NBC News: Program to Stop Gun Crimes Finds Big Success, Director Encourages Erie to Tune In


Four shootings marred Erie on Saturday, one killing a teen. It comes after two people were shot on Thursday, at the same time local leaders were attending an anti-gun violence forum.

Councilman and Blue Coat member Curtis Jones admits that the measures taken so far to combat gun violence in Erie have not brought about the changes desired. 

"Not as effective as we want. Our shooting and violent crime rates are astronomical," Jones said. 

But Richmond, California, a city also with a population of about 100,000, launched a program that's brought down homicide rates by 76 percent since 2007.

Now the program's success is gaining national attention. Last week, the New York Times published an opinion article by Boggan, where he encourages other cities struggling with violence to consider the program.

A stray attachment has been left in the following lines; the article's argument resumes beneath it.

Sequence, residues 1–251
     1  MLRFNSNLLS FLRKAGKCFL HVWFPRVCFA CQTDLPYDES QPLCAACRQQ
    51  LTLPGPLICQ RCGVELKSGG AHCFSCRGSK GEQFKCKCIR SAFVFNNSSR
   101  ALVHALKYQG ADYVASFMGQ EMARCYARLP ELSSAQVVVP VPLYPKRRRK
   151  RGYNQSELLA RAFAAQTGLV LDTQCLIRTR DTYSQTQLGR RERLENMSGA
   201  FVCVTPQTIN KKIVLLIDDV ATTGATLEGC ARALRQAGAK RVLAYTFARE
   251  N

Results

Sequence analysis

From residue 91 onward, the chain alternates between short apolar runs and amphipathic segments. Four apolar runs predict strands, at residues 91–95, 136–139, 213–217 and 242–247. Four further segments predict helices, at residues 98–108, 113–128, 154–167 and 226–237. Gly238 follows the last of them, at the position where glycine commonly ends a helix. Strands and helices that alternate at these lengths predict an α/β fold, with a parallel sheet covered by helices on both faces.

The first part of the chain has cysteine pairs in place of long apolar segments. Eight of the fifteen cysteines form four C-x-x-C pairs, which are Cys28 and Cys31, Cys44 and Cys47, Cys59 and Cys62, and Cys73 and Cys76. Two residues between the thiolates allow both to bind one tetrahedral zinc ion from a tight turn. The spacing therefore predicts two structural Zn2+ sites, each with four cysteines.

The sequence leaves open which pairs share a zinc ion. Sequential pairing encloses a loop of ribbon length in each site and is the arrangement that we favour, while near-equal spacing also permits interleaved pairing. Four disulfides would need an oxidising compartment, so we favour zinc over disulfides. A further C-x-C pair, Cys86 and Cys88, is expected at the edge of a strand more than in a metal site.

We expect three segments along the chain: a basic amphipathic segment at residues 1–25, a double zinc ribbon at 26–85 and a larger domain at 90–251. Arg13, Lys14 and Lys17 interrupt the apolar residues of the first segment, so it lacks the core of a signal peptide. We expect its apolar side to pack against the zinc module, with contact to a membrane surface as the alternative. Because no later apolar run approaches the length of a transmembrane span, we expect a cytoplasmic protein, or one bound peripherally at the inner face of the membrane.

"We've seen a 76 percent reduction in firearm related homicide, and a 69 percent reduction in firearm assaults," said DeVone Boggan in a phone interview. Boggan is the director of the Office of Neighborhood Safety in Richmond. "That's the kind of work that transforms a community," he said. 

One piece of the program includes finding out who are the city's most dangerous individuals, and handing them cash as an incentive to stop pulling the trigger.     

The deal: if they uphold a six-month commitment of engaging with their mentors, making progress with life goals, and staying out of trouble, then they can earn $1,000 dollars a month for up to nine months.

Initially, Richmond's City Council rejected the program, and the funds were raised through private dollars. Over five years, the program paid out on average $67,000 per year.

Over the phone, Boggan encouraged Erie to consider the program. 

"If you're tired of being tired of this epidemic in your city and your community, you better do something different. I'd recommend leaders take a look at it, I'd recommend them call me," Boggan said. 


Reposted from NBC station WICU. Find the rest of the story here.

Photo courtesy Contra Costa Times.


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